Boo’s birth gave me back the confidence all women should have in their bodies and this time when i got pregnant we decided on a home birth. now, i’ve proven my scar can take labour and it’s now been 2 years longer since my last c.section than when Boo was born so i’m even more confident. and as a bonus Yogi’s heart rate is normal, around 130bpm compared to Boo’s 90bpm…. So, i told my community midwife my decision and she was over the moon, totally supportive of my decision, then she advised me not to mention it at any other appointments. i went along with this, not entirely sure why now but i did. until i got to 24 weeks when i mentioned it to my second midwife, who again was wonderfully supportive even though i pointed out i’d had 2 c.sections. fast forward 4 weeks. midwife number one withdraws her support, telling me how dangerous my decision is, from vibes i had begun to suspect this was her opinion so i wasn’t overly shocked. fast forward 5 weeks to my next appointment with midwife number 2. now, midwife number 2 had been super supprotive at my 24week appointment and i was totally confident of her full support so imagine my distress when she told me she wasn’t supporting me either. her attitude was bullying, she kept making me repeat my decision, the statistics and my feelings. she fired questions at me, asked me what i’d do if there was a midwife shortage, what i’d do if the refused to support me. i told her i had the web address for the Association for Improvements in the Maternity Services (AIMS) and that I had already looked up my rights. then she told me she’d consult with colleagues and she would arrange a meeting between Tom and I and 3 Supervisor of Midwives (SOM)! I asked what she thought they’d collectively be able to say to change my mind and she admitted she didn’t know. I think the idea is to scare and undermine. Tom and I composed a letter informing the only SOM that counted of our intention to have a homebirth and to inform her that I would not be accepting care from either midwife number 1 or midwife number 2. i also pointed out that staff shortages were not my concern and that she should take care of these prior to me going into labour. I haven’t had a response yet but I’m nervous. one option we have is to hire an Independent Midwife (IM) but the don’t come cheap. locally the cost is £2800 to be paid in full by week 36…. an IM isn’t an option for us and i have to admit to being nervous about getting a supportive midwife once i’m in labour.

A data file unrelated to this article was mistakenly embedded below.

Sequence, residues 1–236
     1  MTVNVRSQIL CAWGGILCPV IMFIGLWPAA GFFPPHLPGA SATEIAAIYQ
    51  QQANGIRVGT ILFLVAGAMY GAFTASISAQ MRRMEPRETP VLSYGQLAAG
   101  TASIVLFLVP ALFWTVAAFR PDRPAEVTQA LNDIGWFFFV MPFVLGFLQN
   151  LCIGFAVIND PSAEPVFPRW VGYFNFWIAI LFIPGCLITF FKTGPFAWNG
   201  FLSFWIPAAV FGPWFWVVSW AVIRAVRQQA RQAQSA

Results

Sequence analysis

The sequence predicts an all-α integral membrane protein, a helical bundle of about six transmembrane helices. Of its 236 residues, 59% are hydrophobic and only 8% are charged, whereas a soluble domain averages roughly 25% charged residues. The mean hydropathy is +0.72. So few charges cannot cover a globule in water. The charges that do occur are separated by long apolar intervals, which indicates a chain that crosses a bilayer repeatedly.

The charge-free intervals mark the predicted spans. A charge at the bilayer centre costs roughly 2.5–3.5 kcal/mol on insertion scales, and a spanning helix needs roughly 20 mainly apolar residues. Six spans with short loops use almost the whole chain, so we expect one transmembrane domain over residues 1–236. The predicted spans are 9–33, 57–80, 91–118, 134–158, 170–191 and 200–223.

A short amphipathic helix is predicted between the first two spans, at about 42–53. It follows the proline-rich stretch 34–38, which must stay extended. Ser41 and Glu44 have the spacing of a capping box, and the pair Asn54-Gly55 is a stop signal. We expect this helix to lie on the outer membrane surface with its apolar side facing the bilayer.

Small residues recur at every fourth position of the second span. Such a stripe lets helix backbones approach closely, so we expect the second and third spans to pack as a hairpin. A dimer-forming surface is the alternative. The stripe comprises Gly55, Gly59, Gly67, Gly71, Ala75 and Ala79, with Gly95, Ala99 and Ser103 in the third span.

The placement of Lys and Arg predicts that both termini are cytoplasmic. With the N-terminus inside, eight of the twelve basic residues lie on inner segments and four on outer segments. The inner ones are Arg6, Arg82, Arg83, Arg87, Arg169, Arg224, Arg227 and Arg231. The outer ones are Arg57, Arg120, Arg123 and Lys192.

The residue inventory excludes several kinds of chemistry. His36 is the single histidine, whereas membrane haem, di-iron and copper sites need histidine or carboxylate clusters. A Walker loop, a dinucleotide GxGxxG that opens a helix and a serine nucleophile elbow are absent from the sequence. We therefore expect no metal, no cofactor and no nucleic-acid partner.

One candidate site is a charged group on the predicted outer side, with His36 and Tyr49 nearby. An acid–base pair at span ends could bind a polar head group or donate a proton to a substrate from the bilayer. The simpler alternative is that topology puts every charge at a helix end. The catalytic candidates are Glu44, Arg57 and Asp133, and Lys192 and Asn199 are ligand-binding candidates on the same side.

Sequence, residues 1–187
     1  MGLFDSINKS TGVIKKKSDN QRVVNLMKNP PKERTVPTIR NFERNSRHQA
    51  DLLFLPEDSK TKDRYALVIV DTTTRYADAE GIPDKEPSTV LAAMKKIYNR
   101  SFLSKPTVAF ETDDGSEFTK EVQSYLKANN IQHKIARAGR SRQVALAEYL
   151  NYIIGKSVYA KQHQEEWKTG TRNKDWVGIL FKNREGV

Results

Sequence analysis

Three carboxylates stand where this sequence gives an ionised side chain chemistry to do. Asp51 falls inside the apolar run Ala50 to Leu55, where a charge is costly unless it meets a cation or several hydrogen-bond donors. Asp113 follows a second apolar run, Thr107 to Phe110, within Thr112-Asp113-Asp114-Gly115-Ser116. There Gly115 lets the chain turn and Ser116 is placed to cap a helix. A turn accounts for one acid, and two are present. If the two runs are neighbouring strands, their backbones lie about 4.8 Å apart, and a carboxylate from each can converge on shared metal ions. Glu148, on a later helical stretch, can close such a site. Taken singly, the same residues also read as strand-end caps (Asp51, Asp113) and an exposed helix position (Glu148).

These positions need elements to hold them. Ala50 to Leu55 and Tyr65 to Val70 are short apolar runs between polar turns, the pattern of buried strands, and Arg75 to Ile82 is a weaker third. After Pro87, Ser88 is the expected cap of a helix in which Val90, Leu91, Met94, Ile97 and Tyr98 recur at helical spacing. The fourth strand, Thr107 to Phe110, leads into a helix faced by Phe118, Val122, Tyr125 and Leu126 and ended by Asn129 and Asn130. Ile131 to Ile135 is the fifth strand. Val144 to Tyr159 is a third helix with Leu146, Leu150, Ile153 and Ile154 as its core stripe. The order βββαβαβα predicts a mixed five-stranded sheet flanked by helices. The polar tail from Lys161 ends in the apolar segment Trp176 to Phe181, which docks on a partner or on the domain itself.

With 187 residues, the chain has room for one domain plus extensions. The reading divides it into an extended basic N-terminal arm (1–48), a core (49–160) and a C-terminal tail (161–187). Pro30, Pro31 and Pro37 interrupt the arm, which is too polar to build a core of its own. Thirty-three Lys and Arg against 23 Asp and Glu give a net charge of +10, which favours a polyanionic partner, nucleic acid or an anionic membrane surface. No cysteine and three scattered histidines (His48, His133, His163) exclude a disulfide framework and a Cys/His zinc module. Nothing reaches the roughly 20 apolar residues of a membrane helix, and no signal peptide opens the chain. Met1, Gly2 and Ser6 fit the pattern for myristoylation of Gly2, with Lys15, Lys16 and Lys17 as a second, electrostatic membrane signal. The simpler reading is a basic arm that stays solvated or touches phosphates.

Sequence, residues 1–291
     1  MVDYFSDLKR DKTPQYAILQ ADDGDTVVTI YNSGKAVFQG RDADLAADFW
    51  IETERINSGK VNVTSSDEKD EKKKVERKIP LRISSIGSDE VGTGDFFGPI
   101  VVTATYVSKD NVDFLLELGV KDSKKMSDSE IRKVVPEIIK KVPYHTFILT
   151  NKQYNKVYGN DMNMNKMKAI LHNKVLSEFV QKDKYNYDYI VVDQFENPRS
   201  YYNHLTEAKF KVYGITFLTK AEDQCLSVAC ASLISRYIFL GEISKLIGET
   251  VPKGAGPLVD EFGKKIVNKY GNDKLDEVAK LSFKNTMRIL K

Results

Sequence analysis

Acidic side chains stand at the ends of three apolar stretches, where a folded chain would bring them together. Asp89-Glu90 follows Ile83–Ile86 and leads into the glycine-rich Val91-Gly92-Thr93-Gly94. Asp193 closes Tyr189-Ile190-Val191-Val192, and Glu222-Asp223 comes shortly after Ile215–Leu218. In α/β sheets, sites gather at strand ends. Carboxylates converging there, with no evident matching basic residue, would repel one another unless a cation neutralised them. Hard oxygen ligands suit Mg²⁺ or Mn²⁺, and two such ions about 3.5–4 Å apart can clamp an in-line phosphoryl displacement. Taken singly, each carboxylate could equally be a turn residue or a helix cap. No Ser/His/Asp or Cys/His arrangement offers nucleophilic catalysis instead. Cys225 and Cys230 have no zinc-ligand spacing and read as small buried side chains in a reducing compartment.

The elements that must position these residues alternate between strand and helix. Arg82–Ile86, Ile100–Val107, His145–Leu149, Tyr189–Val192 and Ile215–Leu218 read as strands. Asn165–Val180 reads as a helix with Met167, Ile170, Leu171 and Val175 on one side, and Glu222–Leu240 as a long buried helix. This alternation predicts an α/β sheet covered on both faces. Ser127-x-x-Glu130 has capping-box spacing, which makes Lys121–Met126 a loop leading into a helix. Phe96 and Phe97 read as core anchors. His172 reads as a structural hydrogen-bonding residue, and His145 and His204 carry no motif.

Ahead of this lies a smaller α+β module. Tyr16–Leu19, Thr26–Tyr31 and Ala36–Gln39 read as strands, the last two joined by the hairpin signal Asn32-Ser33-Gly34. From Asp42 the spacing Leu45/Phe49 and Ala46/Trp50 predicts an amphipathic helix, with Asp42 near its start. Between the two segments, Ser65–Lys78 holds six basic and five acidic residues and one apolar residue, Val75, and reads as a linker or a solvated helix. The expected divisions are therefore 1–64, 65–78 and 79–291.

the thing is there is an obligation for them to provide me with a supportive midwife and i have a right to a homebirth. it’s not a whim, it’s an informed decision made after much thought and soul searching. at home we can be ourselves, i can stay relaxed and focussed, i won’t worry about the other children or how they are doing and they can be as involved in the birth as they like. there is no chance of intervention at home. and with no chance of intervention then there is no cascade of intervention that could lead ultimately to another c.section. a homebirth means no time constraints, the freedom to move around and find a position that’s comfortable to labour and to give birth in. it means the option of a waterbirth (which as a VBACer i don’t have in hospital) and to stay truly focussed on the labour, not worrying about doctors and midwives coming in and out of my room, i won’t have to worry about time constraints and so i won’t worry about intervention. also, at home my care will be one-to-one, in a hospital, especially if there are staff shortages women in labour share moidwives, one of the reasons Continuous Foetal Monitoring becomes necessary. there is no subsitute for a midwife observing a labouring woman, a competent midwife should notice subtle changes that could mean a problem long before they become a problem, a machine will spot them once they are. i want to return to the natural state of pregnancy being healthy. i don’t want to get on the conveyor belt and i won’t. if nothing changes in this pregnancy to indicate an increased risk to either me or Yogi then Yogi will be born at home. I think this looks a lot like what i want and what’s best for me in my opinion but it’s also a matter of what’s best for Yogi. At home, i will be less stressed so that will benefit her, but also when she is born she will be born into peace, into calm, there will not be bright white lights to hurt her eyes, there will not be the sound of other labouring women in the background. there will not be the unecessary noise of instruments on trolleys and of staff moving around the ward. she will be born into peace, and dim lights and no one will prod and poke her unecessarily. she will be our baby, she will meet her sisters straight away (if they want to) and she will not be placed on a ward with 3 other screaming babies with lights turned on and off at someone elses will. and there will be no need for that first harsh trip outdoors to go home. she will be home, we will be able to decide how soon we introduce her to the outdoors and her first experience won’t be of a horrid manky carpark and straight into the car for a journey where she is stuck in a car seat. her first experience will be the willow tree, the birds, the peace and quiet that is where we live. she might spend nothing more than a moment outdoors or she might be out there a while but there will be no time limit.
I’m not doing anything wrong and I won’t put my baby (or myself) at risk, my midwives on the other hand are bullying and manipulative and have given no new evidence as to why they have withdrawn their support.
watch this space for the next installment.